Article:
AN Asian alliance of tobacco harm reduction advocacy organizations has asked the Department of Health to bring up the rights of Filipino smokers who want to switch to safer alternatives during the Ninth Session of the Conference of the Parties of the World Health Organization’s Framework Convention on Tobacco Control in November.
The Coalition of Asia Pacific Tobacco Harm Reduction Advocates also asked the DOH to question the restrictive policy of WHO that tolerates the use of combustible cigarettes while discouraging the use of 95-percent less harmful smoke-free Electronic Nicotine Delivery Systems (ENDS).
CAPHRA sent separate letters this month to Asian health ministers who will lead the preparation of their countries’ position on ENDS, preparatory to the WHO meet.
There are 181 parties to the WHO FCTC, a global treaty that seeks “to protect present and future generations from the devastating health, social, environmental and economic consequences of tobacco consumption and exposure to tobacco smoke.”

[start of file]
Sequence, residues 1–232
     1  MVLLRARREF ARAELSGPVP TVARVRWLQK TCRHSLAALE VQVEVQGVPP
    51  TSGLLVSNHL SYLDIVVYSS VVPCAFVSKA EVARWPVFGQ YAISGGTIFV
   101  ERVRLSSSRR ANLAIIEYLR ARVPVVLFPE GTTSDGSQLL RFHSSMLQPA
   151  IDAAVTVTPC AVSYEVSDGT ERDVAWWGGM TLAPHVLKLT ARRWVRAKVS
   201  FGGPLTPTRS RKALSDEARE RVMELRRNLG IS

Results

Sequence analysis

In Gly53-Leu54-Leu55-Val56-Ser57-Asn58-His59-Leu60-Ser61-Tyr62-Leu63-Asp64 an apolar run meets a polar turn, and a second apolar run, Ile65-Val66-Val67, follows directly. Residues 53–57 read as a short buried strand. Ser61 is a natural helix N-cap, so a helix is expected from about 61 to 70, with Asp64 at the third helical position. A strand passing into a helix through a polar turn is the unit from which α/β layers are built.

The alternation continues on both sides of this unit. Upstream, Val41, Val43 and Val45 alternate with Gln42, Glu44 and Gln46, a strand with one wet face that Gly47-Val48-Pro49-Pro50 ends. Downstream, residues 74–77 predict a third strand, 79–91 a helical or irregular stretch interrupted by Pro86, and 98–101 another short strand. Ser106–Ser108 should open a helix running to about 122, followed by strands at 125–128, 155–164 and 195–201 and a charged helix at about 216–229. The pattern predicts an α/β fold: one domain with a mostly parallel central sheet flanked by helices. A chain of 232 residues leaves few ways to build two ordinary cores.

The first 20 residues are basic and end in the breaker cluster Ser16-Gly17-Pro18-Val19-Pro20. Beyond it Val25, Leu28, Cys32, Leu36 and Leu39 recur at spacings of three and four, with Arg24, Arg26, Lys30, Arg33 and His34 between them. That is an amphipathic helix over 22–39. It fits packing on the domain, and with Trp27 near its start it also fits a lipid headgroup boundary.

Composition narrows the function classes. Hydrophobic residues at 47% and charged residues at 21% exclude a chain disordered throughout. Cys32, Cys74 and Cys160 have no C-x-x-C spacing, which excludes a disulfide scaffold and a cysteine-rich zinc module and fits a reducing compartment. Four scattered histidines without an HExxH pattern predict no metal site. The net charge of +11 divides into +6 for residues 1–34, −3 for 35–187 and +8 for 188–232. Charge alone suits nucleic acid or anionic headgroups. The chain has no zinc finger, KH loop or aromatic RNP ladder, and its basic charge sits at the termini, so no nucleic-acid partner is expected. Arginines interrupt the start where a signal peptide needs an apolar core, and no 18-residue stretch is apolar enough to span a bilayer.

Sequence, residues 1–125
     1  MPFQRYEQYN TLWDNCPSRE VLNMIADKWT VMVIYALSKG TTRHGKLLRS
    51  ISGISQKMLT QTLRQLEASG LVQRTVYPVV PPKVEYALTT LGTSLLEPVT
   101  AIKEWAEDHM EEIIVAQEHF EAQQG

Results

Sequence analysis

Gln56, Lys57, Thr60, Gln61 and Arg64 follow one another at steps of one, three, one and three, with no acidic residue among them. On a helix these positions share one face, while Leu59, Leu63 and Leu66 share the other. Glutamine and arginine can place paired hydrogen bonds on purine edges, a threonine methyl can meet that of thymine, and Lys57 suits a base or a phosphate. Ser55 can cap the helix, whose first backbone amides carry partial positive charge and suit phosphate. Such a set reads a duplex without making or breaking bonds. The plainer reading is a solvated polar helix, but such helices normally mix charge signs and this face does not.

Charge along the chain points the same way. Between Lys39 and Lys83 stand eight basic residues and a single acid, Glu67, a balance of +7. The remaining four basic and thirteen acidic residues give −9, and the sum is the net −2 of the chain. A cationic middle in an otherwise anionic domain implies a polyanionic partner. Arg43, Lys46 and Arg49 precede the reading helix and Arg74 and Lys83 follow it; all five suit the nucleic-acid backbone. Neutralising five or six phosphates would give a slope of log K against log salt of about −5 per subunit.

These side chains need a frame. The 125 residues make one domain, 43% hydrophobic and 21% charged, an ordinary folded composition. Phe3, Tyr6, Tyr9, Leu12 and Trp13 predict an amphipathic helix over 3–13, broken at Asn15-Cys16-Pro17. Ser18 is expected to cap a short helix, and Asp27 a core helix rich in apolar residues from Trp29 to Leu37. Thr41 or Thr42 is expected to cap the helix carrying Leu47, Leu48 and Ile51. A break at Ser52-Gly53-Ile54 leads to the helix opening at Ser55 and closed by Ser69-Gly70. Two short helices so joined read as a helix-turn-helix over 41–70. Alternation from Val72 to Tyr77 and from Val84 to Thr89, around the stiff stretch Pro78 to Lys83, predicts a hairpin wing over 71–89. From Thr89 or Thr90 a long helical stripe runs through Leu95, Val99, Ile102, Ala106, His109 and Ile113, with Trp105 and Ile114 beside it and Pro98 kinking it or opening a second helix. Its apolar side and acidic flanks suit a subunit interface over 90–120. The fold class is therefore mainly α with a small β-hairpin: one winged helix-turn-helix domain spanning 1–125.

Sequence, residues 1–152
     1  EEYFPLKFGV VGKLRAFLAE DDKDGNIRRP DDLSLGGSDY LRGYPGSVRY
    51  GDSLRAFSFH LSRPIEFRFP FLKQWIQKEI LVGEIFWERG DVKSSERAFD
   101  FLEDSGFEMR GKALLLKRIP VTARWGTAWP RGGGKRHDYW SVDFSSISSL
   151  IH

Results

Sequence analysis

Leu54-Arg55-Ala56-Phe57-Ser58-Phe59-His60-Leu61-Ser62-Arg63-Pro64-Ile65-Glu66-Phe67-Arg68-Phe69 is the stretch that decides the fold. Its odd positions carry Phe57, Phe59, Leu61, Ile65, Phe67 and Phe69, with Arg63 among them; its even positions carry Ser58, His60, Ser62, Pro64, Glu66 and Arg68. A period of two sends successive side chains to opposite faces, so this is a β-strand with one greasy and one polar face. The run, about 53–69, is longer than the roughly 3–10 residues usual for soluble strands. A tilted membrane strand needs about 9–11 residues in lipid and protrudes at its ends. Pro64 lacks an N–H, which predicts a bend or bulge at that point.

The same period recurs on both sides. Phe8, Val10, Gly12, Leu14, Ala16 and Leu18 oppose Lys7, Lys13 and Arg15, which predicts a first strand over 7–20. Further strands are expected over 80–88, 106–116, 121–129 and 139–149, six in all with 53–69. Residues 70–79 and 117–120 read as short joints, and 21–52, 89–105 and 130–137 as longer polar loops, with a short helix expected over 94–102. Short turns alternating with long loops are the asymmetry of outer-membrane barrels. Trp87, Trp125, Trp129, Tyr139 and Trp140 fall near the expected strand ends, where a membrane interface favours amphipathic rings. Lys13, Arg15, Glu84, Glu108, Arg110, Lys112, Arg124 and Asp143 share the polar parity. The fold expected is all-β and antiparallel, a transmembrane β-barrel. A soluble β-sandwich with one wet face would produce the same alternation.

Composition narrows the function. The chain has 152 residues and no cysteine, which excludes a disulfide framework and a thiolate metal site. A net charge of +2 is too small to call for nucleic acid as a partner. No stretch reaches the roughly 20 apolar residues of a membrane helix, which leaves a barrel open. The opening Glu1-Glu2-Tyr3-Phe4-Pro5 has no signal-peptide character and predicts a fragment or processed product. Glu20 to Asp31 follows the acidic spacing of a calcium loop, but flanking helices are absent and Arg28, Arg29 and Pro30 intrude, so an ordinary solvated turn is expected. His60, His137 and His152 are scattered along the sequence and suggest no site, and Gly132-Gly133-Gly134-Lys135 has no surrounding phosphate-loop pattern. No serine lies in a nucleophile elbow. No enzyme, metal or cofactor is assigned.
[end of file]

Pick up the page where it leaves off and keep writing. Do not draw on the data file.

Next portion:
The regular sessions of the Conference of the Parties (COP) are held every two years and will he held this year in the Netherlands. WHO asked every signatory country to submit a summary of its position on ENDS preparatory to FCTC COP9.
The alliance said tobacco use causes a million deaths per year in the Asia Pacific region, with smoke as the main culprit. It said that e-cigarettes provide smokers with an option to get away from smoking and could hasten the demise of the cigarette.
CAPHRA said the FCTC has a mandate to pursue “harm reduction” as a core tobacco control policy but it has failed to acknowledge or implement this policy over the last 18 years. It has effectively deprived smokers of an effective way out of smoking, according to the coalition.
The coalition also noted that the successive FCTC-COPs had refused to consider the overwhelming scientific evidence proving ENDS to be a much less harmful alternative to smoking and an extraordinarily effective smoking cessation strategy that has worked for millions of smokers in developed countries.
“The WHO FCTC approach to smoke-free alternatives is not only outdated but is making fertile ground to create an even more insidious and very real public health crisis,” CAPHRA said.